Venezuela is going through what is perhaps the most grave crisis in its history. The Venezuelan bishops are preparing for their meeting with the Holy Father, according to the tradition of the ad limina visits to Rome. It will be their first meeting with Pope Francis, since the last two visits were in the year 2002, when Saint John Paul II was Pope, and in 2009 during the pontificate of Pope Benedict XVI. On this occasion, nine years later, the Venezuelan bishops will inform the Argentinian Pope about the grave situation in their country, which has been fragmented and plunged into a profound economic and social crisis.
Maria Lozano of the international Catholic charity and pontifical foundation Aid to the Church in Need (ACN) interviewed Bishop Mario Moronta of the diocese of San Cristóbal in Venezuela, and spoke about the importance of their forthcoming visit at such a crucial moment for the future of the country.
When exactly is your ad Limina visit, and when are you expecting to see the Holy Father?
The Ad Limina visit will take place between the 6th and 15th of September. It will begin officially with a Eucharistic Celebration in the Basilica of Saint Peter, led by the president of the Venezuelan bishops’ conference (CEV) Archbishop José Luis Azuaje of Maracaibo. Pope Francis will receive all the bishops on 10 September in the morning.
What is the actual situation in the country?
The crisis has become still more acute. Now with the economic devaluation, even though there are measures which apparently seek to help the people, great confusion has been created. On the other hand, the situation has worsened with regard to respect for the people and in relation to the political situation. There is no confidence in our political leadership. There are so many Venezuelans who are now emigrating to other countries, with all the dire consequences that this entails.
Does the Holy Father know the situation in Venezuela?
The Pope knows the situation very well, and from first-hand experience. He is constantly kept informed about it and he knows about the great difficulties the Venezuelan people are going through. He also knows about the work the Church is doing during this time of crisis.
What are the greatest concerns you have that you wish to share with him?
There are many of them. The first thing we will say to the Pope is that we will always continue with the evangelising mission proper to the Church, but always alongside the people, close to the population and especially to the poorest. We will tell him that our great concern is the dignity of the human person, illuminated by the Gospel. And of course that we are not remote from the difficulties and problems that we will tell him about, but that at the same time we are builders of bridges and of hope for a suffering people.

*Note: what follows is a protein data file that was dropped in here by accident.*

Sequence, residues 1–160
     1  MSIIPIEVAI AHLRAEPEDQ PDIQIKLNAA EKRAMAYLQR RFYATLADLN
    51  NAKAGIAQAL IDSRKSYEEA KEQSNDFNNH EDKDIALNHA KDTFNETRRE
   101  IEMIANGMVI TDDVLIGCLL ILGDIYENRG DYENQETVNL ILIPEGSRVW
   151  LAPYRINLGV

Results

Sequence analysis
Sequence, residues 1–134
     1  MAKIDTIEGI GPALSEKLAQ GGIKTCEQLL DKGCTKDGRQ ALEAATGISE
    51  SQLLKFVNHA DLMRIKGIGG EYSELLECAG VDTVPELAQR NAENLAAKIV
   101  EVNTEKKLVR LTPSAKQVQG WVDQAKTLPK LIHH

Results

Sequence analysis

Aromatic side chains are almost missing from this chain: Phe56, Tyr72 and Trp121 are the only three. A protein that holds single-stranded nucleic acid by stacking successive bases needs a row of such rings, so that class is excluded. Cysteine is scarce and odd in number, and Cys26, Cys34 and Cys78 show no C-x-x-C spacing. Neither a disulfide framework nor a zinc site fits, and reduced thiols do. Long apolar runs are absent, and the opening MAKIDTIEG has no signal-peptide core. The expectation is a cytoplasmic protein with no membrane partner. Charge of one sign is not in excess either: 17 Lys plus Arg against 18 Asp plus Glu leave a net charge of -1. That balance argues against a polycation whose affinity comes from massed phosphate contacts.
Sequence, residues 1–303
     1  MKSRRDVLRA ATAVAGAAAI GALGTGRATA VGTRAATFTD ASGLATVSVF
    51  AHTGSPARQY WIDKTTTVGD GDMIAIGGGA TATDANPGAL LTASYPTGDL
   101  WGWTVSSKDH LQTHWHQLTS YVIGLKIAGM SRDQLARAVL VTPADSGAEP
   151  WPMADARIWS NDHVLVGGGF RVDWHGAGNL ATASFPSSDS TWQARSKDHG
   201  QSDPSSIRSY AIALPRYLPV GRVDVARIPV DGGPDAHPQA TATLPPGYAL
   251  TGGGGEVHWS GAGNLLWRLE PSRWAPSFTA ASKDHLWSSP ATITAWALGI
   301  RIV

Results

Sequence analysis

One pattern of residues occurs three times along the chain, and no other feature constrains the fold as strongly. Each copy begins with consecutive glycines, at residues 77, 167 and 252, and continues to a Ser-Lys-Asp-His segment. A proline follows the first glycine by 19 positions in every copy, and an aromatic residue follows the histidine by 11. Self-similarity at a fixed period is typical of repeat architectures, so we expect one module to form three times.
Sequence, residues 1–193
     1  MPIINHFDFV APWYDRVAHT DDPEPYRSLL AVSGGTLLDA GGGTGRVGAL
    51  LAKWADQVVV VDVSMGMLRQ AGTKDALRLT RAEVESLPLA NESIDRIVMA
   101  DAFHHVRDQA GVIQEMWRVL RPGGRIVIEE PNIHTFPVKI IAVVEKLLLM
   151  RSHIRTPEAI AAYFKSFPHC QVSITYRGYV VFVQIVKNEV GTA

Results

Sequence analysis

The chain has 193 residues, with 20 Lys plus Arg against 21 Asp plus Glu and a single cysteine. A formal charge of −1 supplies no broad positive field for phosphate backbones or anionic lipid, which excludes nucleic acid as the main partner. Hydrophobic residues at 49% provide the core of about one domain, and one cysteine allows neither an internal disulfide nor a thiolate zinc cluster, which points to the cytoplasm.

Why is this visit to Rome so important?
Apart from the fact that this is an activity we normally undertake every few years, the importance of it at this time lies in the opportunity it gives us to reaffirm our communion with the Pope and the universal Church. For this reason we see it as a manifestation of God’s grace for the enrichment of all. To this we should add the knowledge that we will be confirmed in our mission by the Successor of Peter. At the same time we wish to express our support and consolation to the Pope at the present time when he too is facing attacks on his person.
What can we do so that this visit can bear fruit?
Within my own diocese, and following the directives of the episcopal conference, I have made a special request that on 11 September a special day of intense prayer should be held for the a Limina visit and its fruits for the whole country. That particular day is the feast of Our Lady of Coromoto, the Patroness of Venezuela. For this reason we have suggested that in the various parishes there should be exposition of the Blessed Sacrament from early morning until the evening and that every household should likewise be invited to recite the Holy Rosary and at the same time the sick and elderly be asked to unite themselves in prayer from their own homes for the intentions of the ad limina visit. I also think that in addition to motivating people to prayer for the pastoral success of the visit, it is important to make them realise that it is not simply a tourist trip or a purely bureaucratic event, but rather an expression of the ecclesial communion of the bishops and the Church in Venezuela. I believe that this visit is taking place at a particularly crucial moment in the history of our country. For this reason we see it as an expression of the grace of God which will enrich us all.